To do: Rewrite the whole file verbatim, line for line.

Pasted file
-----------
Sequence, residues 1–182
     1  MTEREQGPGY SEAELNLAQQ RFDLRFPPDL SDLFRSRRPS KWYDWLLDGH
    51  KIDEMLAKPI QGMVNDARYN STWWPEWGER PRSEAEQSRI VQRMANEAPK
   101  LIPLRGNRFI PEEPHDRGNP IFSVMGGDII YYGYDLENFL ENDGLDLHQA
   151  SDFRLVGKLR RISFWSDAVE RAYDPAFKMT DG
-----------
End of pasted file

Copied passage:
Sequence, residues 1–182
     1  MTEREQGPGY SEAELNLAQQ RFDLRFPPDL SDLFRSRRPS KWYDWLLDGH
    51  KIDEMLAKPI QGMVNDARYN STWWPEWGER PRSEAEQSRI VQRMANEAPK
   101  LIPLRGNRFI PEEPHDRGNP IFSVMGGDII YYGYDLENFL ENDGLDLHQA
   151  SDFRLVGKLR RISFWSDAVE RAYDPAFKMT DG